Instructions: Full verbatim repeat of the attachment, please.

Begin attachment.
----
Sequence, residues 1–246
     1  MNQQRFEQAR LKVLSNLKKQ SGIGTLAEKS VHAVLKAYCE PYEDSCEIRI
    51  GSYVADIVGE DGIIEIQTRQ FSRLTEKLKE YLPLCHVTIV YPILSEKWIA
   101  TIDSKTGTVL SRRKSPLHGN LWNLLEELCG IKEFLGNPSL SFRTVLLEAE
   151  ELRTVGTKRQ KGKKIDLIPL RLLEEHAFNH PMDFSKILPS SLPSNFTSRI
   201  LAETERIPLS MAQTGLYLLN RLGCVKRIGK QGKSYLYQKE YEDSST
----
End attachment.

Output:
Sequence, residues 1–246
     1  MNQQRFEQAR LKVLSNLKKQ SGIGTLAEKS VHAVLKAYCE PYEDSCEIRI
    51  GSYVADIVGE DGIIEIQTRQ FSRLTEKLKE YLPLCHVTIV YPILSEKWIA
   101  TIDSKTGTVL SRRKSPLHGN LWNLLEELCG IKEFLGNPSL SFRTVLLEAE
   151  ELRTVGTKRQ KGKKIDLIPL RLLEEHAFNH PMDFSKILPS SLPSNFTSRI
   201  LAETERIPLS MAQTGLYLLN RLGCVKRIGK QGKSYLYQKE YEDSST